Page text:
However, if you’re actively considering divorce? Set up your own savings account now. There are a lot of expenses associated with divorce, least of which would be hiring a lawyer. (This article is a great resource to look at – just in case.)
A quick note: same-sex marriage and divorces are an area of law that is just now being created, so it’s very, very important that you consult a lawyer if you would be going through this.
- If you’re able, make sure you’re adequately insured.
The ones you have to have? Health insurance. (We’ll be talking about this in depth all year on the Feronia Project – look out for the posts!) Disability insurance. (Have enough income to live on if you could never work again? No? Get disability insurance.) Renter’s/homeowner’s insurance. (Could you afford to buy everything in your house again if it burned down? No? Get insurance.)
Three other ones to consider, if you’re in the situation:
- Life insurance – term life insurance is usually your best bet. Do you have kids? A spouse that depends on your income? Time to buy life insurance. No, it’s not fun to think about your own death, but it can help to know that the ones you care about will be OK.
- Long-term care insurance. Can you afford to put your parents in a nursing home for the rest of their lives and still be able to do everything you want? No? Think about buying this - with an inflation rider, as this type of care will only become more expensive. (If your parents are under 70, ask them if they’ll consider purchasing the policy. If the monthly payment is too high for them, consider paying for half of it.)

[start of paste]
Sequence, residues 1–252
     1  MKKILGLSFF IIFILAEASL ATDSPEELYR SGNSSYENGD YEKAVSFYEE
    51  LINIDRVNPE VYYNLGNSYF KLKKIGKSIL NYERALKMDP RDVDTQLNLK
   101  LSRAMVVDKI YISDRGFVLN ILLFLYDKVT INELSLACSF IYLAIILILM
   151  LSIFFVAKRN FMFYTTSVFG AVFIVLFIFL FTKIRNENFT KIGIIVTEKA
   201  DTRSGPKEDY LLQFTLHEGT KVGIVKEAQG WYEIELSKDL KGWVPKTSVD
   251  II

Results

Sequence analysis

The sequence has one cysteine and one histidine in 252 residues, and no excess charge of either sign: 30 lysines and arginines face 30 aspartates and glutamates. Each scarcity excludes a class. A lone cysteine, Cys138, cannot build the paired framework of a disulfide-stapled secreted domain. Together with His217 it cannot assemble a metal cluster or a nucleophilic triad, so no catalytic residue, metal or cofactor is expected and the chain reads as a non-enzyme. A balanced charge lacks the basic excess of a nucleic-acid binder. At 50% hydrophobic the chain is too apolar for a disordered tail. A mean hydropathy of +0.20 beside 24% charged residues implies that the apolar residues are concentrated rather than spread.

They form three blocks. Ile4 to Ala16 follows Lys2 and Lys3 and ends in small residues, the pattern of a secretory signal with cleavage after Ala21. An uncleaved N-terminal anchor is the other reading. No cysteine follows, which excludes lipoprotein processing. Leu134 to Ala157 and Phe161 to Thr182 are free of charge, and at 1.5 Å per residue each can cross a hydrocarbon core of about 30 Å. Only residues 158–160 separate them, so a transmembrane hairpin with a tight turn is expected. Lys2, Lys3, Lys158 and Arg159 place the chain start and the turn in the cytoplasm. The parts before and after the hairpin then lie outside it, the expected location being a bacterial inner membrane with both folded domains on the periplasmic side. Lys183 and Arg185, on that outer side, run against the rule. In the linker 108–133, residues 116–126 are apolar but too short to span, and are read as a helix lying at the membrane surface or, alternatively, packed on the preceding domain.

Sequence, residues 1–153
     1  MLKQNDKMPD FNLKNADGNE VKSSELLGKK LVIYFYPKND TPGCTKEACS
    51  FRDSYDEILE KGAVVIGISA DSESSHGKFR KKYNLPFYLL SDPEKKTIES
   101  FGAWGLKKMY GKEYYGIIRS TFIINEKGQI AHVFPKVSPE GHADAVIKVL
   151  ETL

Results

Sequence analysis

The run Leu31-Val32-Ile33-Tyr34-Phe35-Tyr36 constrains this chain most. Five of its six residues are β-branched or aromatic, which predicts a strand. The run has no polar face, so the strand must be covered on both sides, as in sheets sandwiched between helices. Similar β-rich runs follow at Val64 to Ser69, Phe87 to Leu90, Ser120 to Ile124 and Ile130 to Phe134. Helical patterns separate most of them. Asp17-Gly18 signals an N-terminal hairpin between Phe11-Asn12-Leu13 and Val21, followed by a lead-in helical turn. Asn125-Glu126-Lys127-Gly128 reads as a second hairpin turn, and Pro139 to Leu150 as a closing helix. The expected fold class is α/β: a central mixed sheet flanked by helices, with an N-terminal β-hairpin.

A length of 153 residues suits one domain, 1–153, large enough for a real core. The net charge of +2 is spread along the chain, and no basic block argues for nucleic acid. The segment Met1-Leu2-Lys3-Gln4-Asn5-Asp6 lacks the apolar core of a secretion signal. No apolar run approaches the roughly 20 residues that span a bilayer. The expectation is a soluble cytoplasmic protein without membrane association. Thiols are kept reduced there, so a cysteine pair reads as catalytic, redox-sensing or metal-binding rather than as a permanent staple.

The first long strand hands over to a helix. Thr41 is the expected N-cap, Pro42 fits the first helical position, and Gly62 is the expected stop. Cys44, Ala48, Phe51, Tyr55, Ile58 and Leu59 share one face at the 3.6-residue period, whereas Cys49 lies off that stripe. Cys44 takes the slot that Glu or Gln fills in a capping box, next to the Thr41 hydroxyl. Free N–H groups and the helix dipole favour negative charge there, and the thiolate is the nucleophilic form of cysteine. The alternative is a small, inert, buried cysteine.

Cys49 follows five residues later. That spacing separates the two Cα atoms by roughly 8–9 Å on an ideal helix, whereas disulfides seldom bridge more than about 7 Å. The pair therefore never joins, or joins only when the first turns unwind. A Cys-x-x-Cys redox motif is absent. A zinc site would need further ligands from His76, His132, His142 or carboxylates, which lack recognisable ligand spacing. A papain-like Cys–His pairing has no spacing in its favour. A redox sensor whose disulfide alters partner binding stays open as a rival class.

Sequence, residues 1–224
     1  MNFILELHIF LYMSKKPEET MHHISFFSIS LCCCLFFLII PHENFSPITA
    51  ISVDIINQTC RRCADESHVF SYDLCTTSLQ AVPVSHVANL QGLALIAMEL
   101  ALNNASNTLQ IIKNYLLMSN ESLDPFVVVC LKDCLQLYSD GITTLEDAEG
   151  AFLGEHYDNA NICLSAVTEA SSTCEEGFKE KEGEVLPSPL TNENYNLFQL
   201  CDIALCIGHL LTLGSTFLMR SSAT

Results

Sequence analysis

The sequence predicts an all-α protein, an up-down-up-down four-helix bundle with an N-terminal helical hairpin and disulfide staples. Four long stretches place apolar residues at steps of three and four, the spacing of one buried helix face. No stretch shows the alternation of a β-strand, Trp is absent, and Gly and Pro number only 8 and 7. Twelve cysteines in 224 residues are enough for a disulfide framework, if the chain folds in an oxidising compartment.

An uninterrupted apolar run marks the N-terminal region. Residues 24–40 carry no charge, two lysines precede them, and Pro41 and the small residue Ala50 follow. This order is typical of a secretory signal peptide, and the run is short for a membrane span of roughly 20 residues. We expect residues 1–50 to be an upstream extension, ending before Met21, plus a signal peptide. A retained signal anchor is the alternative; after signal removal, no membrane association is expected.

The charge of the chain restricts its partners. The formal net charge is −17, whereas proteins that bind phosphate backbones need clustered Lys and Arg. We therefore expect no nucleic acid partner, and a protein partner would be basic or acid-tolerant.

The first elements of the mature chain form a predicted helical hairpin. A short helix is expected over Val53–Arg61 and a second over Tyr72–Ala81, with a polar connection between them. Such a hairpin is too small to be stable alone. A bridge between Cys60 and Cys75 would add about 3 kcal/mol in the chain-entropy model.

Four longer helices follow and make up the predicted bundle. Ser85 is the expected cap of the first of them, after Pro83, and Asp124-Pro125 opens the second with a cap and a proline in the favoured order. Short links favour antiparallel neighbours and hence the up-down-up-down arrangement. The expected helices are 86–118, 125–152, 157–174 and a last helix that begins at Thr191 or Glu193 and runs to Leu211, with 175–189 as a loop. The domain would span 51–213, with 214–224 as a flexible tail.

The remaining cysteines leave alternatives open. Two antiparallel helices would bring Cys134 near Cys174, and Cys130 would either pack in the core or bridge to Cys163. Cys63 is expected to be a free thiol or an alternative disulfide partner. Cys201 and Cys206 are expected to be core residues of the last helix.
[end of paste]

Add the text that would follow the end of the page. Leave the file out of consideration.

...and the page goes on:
- Auto insurance. If you drive, get this one. I’ll share a personal story: last January, I got into what I thought was a small fender bender (not my fault, thankfully). Unfortunately, this small fender bender destroyed my suspension and was more expensive to fix than the value of the car. It was a total write-off; I was shocked. However, with the payment from the insurance company and a payment from my emergency fund, I was able to upgrade to a much newer and more affordable car. Happy, happy day.
- A controversial one: your savings come first; your child’s come second.
I know, this is a tough one, but it’s a better idea to save for your retirement than for your child’s college education. Think about it this way: your child can get scholarships. There are no scholarships for retirement.
- Lastly, educate yourself.*
There’s this horrible stereotype that women don’t know anything about finances. Well, I think it’s time to change that. I’ve done my fair share of reading on the topic; here’s the ones I liked the most:
- Your Money and Your Man: How You and Prince Charming Can Spend Well and Live Rich
- Get a Financial Life: Personal Finance In Your Twenties and Thirties
- Protecting Your Parents’ Money: The Essential Guide to Helping Mom and Dad Navigate the Finances of Retirement
- and I also unabashedly love Learnvest, a finance site aimed at women.
What do you think? Is it time women took control of their finances – and their futures?
(Some of the above content includes affiliate links.)